1970 Heater Core

Discussion in '1970 - 1973 Specific' started by gpm6367, Sep 11, 2019 at 4:05 PM.

  1. gpm6367

    gpm6367 Veteran Member Gold Member

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    Are they all created equally?

    I ordered one off of eBay and the photo showed it to be brass (or copper?) and when it got here it was actually silver and the welds did not look that good so I sent it back. May have been aluminum?

    Is the brass/copper preferred? Any issue with going to my local Napa?
     
  2. Twisted_Metal

    Twisted_Metal Administrator Staff Member Lifetime Gold Member

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    I replaced my original with a new copper/brass one 15 years ago.
    It lasted 13 years before an antifreeze dribble appeared on the passenger floor. :(

    I asked the same question about heater cores two years ago...
    Mine has an aluminum radiator and intake so everything the antifreeze contacts is either aluminum or iron (block, heads pump).
    I figure there's less chance for galvanic reaction/corrosion by NOT adding copper to the mix of metals.

    So... I've got a new aluminum heater core waiting to be installed.
    (It's been gathering dust in my garage for 2 years. :screwup: )
     
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  3. gpm6367

    gpm6367 Veteran Member Gold Member

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    And I sent the aluminum one back. :)
     
  4. 70lt1z28

    70lt1z28 Veteran Member Gold Member

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    I had my original recored but it cost a ton. When I think about it, I’m not sure I will ever drive the car when it’s cold enough to need a heater. I may just plug off the hoses.
     
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  5. gpm6367

    gpm6367 Veteran Member Gold Member

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    My radiator is not aluminum so I think I’ll get an original brass/copper style.

    Most of them on eBay are aluminum. There are some that are significantly more expensive and I’m trying to find out if they are brass/copper. Is there even an advantage to spending the extra money for brass/copper?
     
    Last edited: Sep 11, 2019 at 7:15 PM
  6. gpm6367

    gpm6367 Veteran Member Gold Member

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    Would ANYONE recommend using either of the existing original heater cores that I have? They weren’t leaking when removed but are almost 50 years old. I don’t want to ever have to pull this apart again...
     
  7. xten

    xten Veteran Member

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    I would get them pressure tested. That would be a good starting point. The one I sent you did not leak. I thought I remember you saying there's a rad shop near by.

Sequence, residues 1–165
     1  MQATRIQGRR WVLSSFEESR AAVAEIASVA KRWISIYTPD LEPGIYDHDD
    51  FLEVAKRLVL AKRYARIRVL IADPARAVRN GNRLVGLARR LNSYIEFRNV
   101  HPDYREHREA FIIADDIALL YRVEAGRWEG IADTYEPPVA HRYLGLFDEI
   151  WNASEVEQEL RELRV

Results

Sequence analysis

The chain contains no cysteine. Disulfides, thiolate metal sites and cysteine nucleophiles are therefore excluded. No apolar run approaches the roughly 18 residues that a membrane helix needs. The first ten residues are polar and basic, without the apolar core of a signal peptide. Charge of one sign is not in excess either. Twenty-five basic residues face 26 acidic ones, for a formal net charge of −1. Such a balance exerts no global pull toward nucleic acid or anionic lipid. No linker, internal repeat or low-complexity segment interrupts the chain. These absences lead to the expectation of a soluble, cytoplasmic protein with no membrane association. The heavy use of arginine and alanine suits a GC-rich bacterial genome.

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  8. Twisted_Metal

    Twisted_Metal Administrator Staff Member Lifetime Gold Member

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    I pressure tested my new one. (Don't want to do the job TWICE!)
    I hooked it up to the hoses and let it sit on a towel on the fender well until the coolant got hot and up to normal pressure.
    No leaks... I called it good.
     
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  9. 70lt1z28

    70lt1z28 Veteran Member Gold Member

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    Easy to check with a compressor and set the regulator to 15psi (I went to 25 on mine) and dunk it is a tub of water and look for bubbles.
     
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  10. BillyDean7173

    BillyDean7173 Veteran Member

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    Just FYI, the original Harrison heater cores (at least the early ones) will be stamped with a date code. I can't remember if it's stamped "Harrison" like the radiator.

    I found out about the date code when I pulled what I thought was an original heater core (it was brass/copper) out of an original heater box I picked up years ago and shipped it to the guy who was restoring my original 73Z radiator. When the old timer got it, he said what the hell is this? Then I got schooled, LOL. For one, the aftermarket had a sticker on it with the date code.

    Knowing then what to look for, I pulled the real deal core out of another heater box I had and then got schooled on how he pressure tests the cores. It checked out good and I didn't have to have him re-core it.
     

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